combinations.subscriber_id

The original Stack Overflow question can be seen here:

http://stackoverflow.com/questions/9924433/mysql-select-query-using-count

Advanced SQL: Relational division in jOOQ

Relational algebra has its treats. One of the most academic features is the relational division. It is hardly ever used, but comes in handy every now and then. And when you need it, you’ll probably hate yourself for having slept during the relevant classes at the university.

What is relational division?

Relational division is the inverse of a cross join operation. The following is an approximate definition of a relational division:

Assume the following cross join / cartesian product 
C = A × B 

Then it can be said that 
A = C ÷ B 
B = C ÷ A

What does it mean, typically?

Let’s have a look at the sample provided on Wikipedia:

Wikipedia example of a relational division

Wikipedia example of a relational division

This looks sensible. The division of Completed ÷ DBProject leads to a list of students that have completed all projects.

Now how to phrase that in SQL??

That’s not so simple as it looks. The most commonly documented solution involves a doubly-nested select statement using anti-joins. In human language (using double negative), it is like Fred and Sarah saying “there is no DBProject that we have not Completed“. Or in SQL:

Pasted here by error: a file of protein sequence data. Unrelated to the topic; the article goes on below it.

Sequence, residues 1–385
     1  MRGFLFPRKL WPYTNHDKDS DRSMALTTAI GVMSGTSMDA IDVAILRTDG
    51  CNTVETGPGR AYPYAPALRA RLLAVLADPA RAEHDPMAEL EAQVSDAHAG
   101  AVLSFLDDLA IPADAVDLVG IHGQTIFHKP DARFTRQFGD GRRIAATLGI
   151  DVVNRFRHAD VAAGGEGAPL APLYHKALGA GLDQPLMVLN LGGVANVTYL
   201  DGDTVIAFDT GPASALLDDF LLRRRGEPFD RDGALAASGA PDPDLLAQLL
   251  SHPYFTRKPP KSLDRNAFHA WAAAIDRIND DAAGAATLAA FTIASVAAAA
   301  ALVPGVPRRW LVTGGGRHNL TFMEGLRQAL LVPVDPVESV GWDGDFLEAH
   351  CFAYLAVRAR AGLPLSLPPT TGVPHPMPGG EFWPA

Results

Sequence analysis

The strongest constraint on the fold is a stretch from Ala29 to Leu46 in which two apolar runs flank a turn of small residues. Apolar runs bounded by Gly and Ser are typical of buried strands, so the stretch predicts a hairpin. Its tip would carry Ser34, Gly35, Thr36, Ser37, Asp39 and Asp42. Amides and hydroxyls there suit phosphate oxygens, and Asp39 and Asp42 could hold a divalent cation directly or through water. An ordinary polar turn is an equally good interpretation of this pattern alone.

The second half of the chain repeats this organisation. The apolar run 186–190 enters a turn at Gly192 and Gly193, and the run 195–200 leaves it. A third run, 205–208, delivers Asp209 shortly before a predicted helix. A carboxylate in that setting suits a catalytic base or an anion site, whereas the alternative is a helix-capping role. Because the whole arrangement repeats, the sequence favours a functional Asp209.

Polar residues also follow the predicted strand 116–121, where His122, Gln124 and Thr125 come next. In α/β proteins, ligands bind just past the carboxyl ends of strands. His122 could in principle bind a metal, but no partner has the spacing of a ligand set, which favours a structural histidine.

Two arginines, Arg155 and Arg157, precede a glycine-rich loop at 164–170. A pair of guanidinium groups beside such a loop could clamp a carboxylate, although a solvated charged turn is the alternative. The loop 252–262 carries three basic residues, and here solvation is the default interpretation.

SELECT DISTINCT "c1".Student FROM Completed "c1"
WHERE NOT EXISTS (
  SELECT 1 FROM DBProject
  WHERE NOT EXISTS (
    SELECT 1 FROM Completed "c2"
    WHERE "c2".Student = "c1".Student
    AND "c2".Task = DBProject.Task
  )
)

Now, no one sane wants to remember this just for the 1-2 times in a SQL developer’s life that they actually need it. So they use jOOQ, which wraps up the above monster in a concise syntax:

create.select().from(
  Completed.divideBy(DBProject)
           .on(Completed.Task.equal(DBProject.Task))
           .returning(Completed.Student)
);

Note that from the above SQL statement, it is immediately clear that proper indexing is of the essence. Be sure to have indexes on all columns referenced from the on(…) and returning(…) clauses.

More information

For more information about relational division and some nice, real-life examples, see

jOOQ compared to iBatis

Nice feedback from a jOOQ user comparing it with iBATIS:

jOOQ rocks! We implemented a large scale ETL service with it, and couldn’t be happier. I’ve used iBATIS, and jOOQ gives all the same advantages of low level SQL without the reams of XML and lack of type safety.

[…] one of the best features of jOOQ: Complex and/or dynamically generated queries can be assembled in a controlled way and verified by the Java compiler, saving you from all those ambiguous syntax errors databases throw, and providing compile-time regression coverage for when the schema changes under you.

Feedback by Stack Overflow user dacc on Stack Overflow:

http://stackoverflow.com/questions/296587/light-weight-alternative-to-hibernate/4522144#comment12069361_4522144